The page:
Hello. My name is Benjamin. I'm a lost tourist in London, and I don't know where to go. I'm
going to talk to the ticket man in the London Underground and see if he can help me. "Hello,
Mr. ticket man. I would like a ticket to Piccadilly." The man starts talking to me. "Blah, blah,
blah." He asks me a question. I don't know what to say, so I need to make a noise. "Ah."
These are noises that give you time to think about your answer. "Ah. I would like a ticket,
please, to Piccadilly Circus." Or I could say, "Urgh, I want a ticket please." Or "Urm,
I want to go to --." Or the other one would be, "Mmm, I want a ticket." Okay. Good.
So then, my ticket man says, "No problem. That will be four pounds fifty, please." I
then say, "You know, I think that's a little bit expensive, a bit expensive." So these
are all phrases for expressing an opinion -- if I think that's too big a price. So I
could say, "you know, I think that's too expensive." Or, "I mean, I only really want to go one
stop, half a mile. You see, I've only got four pounds. Then, I can't eat." Or, "Well,
maybe you could give it to me for a little less." Or, "the thing is, Mr. ticket man,
I need to go there as well." These are all expressing an opinion to the ticket man. Okay?
So one last way of expressive an opinion. I could say, "Well, it's like this. You see,
I want to go to Piccadilly, but I can only give you two pounds." Okay? All ways of giving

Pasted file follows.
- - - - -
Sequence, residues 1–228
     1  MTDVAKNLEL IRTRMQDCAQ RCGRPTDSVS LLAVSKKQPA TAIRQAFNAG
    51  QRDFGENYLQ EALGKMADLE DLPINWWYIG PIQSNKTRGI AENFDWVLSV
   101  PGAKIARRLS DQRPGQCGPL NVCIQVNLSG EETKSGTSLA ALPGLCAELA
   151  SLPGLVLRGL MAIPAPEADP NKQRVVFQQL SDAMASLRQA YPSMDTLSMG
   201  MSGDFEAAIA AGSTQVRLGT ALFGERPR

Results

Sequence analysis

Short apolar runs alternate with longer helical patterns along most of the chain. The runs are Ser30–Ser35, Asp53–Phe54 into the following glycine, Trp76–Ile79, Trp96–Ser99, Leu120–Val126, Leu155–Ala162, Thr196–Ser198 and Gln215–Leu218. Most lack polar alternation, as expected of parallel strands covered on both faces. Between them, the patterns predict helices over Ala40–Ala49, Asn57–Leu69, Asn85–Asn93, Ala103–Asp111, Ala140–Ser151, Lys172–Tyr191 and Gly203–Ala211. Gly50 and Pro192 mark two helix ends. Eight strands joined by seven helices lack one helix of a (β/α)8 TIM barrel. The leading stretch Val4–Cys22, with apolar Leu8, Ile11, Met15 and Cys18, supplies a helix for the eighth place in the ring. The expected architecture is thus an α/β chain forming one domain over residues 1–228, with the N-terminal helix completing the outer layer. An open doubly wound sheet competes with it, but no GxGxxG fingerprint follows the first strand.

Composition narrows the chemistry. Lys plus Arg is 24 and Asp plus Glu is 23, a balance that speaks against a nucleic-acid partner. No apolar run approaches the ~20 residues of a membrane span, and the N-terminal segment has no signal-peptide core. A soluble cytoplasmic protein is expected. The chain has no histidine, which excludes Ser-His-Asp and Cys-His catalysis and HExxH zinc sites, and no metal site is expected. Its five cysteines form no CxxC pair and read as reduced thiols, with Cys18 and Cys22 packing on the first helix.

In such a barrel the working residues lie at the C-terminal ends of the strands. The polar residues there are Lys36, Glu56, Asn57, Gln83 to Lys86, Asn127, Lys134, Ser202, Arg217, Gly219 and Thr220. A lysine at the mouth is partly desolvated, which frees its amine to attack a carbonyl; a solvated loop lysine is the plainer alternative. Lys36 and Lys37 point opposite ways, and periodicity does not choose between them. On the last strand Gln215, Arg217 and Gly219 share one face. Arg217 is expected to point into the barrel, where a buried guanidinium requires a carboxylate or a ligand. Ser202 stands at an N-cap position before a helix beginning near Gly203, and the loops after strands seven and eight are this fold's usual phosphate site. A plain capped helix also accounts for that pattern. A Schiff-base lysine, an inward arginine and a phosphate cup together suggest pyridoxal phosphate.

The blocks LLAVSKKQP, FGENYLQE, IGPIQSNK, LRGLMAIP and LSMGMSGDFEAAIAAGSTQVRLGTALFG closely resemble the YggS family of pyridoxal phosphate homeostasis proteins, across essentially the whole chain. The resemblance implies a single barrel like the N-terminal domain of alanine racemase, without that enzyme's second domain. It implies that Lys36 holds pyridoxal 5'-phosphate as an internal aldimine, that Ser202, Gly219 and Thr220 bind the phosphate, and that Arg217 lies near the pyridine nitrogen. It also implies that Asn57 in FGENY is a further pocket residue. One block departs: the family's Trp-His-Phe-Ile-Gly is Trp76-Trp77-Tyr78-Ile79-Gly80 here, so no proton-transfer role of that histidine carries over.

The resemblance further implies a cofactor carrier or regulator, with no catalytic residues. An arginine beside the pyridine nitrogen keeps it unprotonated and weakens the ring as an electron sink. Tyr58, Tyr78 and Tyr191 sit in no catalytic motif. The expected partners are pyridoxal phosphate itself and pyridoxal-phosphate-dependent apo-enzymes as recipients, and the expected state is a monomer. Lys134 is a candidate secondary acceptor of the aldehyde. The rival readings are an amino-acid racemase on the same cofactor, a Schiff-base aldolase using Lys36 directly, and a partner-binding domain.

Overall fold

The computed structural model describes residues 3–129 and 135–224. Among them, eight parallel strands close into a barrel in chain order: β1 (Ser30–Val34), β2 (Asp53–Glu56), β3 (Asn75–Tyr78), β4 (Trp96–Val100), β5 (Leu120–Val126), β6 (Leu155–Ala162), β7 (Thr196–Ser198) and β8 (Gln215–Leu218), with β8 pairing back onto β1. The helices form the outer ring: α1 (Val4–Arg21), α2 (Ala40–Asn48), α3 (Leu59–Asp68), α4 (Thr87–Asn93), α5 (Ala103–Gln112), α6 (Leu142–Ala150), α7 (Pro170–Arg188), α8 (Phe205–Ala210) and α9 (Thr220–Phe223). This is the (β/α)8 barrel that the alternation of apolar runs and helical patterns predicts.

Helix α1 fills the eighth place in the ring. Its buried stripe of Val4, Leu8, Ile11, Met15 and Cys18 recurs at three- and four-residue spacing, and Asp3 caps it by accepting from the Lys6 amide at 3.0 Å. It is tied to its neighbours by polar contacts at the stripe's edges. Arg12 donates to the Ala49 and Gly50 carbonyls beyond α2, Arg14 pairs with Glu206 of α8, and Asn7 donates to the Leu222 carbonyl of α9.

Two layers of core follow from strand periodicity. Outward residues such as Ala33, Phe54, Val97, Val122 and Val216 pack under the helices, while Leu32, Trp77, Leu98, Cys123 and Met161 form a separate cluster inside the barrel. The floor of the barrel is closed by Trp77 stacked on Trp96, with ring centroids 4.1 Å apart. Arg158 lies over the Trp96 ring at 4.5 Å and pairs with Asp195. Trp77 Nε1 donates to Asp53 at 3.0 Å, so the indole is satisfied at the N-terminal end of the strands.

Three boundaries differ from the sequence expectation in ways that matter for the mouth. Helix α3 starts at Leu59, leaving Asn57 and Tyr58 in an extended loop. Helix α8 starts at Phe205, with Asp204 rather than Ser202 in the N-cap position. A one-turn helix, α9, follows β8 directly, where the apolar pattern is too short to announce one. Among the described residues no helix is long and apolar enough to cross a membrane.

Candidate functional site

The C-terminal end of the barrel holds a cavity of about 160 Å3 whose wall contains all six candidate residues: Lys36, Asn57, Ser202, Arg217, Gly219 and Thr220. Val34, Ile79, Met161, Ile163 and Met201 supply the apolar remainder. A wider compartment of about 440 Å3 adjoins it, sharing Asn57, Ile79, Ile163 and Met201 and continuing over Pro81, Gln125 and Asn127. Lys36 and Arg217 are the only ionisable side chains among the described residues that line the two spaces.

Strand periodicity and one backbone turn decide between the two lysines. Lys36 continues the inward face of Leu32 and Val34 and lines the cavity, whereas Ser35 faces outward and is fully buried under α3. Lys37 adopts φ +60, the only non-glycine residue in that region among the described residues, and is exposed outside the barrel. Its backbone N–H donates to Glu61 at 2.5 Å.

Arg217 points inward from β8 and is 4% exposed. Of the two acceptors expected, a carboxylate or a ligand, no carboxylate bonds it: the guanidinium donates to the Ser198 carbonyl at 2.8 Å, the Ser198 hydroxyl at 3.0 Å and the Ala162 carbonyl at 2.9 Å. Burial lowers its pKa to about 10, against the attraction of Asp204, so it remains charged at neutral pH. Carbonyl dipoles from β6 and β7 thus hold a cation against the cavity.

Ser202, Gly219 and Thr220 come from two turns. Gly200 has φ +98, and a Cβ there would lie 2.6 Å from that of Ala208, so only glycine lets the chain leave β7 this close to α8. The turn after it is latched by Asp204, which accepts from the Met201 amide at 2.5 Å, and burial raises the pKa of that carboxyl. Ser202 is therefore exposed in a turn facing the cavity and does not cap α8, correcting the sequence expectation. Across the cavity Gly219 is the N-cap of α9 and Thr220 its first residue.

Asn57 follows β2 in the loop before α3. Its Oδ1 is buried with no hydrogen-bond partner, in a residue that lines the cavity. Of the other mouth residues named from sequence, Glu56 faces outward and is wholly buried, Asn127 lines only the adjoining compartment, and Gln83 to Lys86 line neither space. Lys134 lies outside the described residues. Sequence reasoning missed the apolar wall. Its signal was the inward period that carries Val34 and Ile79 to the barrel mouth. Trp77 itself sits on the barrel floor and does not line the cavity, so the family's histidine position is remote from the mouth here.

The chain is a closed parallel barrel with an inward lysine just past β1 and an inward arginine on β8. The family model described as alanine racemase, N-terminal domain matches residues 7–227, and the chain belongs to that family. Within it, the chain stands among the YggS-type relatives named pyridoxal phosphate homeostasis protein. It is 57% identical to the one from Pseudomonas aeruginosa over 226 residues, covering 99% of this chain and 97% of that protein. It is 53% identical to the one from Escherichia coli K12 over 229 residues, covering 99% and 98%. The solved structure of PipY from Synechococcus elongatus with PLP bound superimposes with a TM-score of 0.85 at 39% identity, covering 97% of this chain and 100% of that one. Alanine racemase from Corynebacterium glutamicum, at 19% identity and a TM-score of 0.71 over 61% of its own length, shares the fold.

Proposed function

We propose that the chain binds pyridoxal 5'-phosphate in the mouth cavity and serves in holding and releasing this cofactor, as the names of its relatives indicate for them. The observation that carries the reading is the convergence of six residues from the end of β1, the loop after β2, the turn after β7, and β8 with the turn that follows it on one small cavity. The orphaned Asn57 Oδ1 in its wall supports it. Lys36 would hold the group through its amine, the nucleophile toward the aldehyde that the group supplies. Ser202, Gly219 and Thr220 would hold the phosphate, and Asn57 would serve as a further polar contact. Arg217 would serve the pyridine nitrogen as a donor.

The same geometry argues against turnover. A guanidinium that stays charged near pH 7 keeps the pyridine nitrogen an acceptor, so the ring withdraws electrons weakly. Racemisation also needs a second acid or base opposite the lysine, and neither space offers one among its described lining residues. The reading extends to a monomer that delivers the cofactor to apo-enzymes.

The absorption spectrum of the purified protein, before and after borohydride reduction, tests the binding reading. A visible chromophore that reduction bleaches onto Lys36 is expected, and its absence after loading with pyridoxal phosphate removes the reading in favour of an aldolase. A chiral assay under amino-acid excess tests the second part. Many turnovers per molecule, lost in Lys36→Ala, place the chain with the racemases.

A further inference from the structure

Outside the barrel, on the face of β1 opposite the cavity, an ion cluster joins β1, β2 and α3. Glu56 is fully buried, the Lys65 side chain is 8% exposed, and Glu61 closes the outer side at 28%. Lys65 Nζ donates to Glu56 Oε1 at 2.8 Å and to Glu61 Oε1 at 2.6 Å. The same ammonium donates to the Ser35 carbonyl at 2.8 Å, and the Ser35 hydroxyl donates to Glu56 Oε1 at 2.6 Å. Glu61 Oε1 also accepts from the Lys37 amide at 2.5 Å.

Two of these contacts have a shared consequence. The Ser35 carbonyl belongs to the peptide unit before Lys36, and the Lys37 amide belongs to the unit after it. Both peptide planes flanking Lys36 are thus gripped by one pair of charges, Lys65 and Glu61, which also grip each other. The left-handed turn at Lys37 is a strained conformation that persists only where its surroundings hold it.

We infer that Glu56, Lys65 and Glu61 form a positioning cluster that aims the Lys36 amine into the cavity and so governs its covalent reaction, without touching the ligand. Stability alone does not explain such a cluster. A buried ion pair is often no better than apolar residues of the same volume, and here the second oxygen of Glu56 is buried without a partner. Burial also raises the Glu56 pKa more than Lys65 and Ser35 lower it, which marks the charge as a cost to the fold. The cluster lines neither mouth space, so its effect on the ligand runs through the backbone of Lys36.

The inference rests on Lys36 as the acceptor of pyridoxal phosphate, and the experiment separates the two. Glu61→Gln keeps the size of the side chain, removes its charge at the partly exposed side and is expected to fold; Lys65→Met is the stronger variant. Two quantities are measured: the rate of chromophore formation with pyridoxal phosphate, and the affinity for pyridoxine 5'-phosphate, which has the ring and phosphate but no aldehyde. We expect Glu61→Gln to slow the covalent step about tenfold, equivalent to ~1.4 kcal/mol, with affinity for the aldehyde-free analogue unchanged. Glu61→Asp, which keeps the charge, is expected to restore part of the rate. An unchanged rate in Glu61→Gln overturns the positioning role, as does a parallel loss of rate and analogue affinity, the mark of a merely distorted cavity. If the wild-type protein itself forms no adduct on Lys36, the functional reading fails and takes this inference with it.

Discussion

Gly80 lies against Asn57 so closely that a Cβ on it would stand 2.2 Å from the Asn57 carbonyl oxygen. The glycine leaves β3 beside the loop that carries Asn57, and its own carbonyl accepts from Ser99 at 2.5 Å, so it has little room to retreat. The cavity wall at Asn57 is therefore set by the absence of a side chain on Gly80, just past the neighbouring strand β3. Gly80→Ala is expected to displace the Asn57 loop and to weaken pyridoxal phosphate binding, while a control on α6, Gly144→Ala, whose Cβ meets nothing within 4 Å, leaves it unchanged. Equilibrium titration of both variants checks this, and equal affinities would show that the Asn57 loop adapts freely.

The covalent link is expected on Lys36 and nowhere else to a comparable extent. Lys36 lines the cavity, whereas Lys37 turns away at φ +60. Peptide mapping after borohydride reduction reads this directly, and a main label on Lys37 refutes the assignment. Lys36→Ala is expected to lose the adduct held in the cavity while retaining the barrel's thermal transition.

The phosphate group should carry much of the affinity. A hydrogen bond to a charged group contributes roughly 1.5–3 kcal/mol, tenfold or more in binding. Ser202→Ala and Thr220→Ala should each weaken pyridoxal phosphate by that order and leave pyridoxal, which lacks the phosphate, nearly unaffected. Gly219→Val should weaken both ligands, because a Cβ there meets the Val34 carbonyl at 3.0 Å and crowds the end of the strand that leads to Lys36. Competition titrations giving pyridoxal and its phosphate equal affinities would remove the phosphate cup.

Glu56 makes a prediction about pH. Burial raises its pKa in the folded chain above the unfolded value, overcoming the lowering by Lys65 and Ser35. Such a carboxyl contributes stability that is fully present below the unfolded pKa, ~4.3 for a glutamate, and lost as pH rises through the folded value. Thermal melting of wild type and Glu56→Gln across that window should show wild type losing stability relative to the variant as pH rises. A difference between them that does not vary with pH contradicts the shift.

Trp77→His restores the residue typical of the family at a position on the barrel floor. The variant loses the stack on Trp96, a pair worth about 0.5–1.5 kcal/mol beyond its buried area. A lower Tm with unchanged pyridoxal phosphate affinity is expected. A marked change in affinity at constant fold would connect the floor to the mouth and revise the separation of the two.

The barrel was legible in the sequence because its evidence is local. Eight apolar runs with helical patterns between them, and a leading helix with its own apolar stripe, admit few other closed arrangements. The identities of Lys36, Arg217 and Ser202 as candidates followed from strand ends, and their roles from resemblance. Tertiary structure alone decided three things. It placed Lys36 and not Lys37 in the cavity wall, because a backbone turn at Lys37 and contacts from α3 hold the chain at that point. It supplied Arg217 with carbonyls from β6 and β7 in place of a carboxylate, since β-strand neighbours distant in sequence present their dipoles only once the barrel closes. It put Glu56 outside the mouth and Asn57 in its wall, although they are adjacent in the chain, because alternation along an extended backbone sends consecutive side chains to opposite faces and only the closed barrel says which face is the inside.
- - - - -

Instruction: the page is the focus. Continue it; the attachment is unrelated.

an opinion, of starting "I want, I need". Okay?
The ticket man thinks, and then he says, "Well, for three pounds, I can give you a single.
Is that what you want?" "A single? What is a single?" These are all phrases for when
I need to think about my answer. So I could say, "Mmm, let me see. A single?" And then
I repeat the question he has given to me. Okay? Or I can say, "Now, let me think. That
might be a good idea." Or, "Just a minute. I'm going to ask my friend." Or, "Hang on,
sir. I need to look in my guidebook to find out." Or, "That's a really interesting question."
Now, the thing about this phrase here, "It's a really interesting question", it's better
maybe in school or university. Probably not very appropriate for the London Underground.
But it's a good phrase to remember, anyway. Or I could say, "I'm not sure about that.
Maybe. Could you tell me more?" And then, the ticket man says, "Of course I can tell
you more, but you must watch the next video in EngVid." See you soon. My name is Benjamin.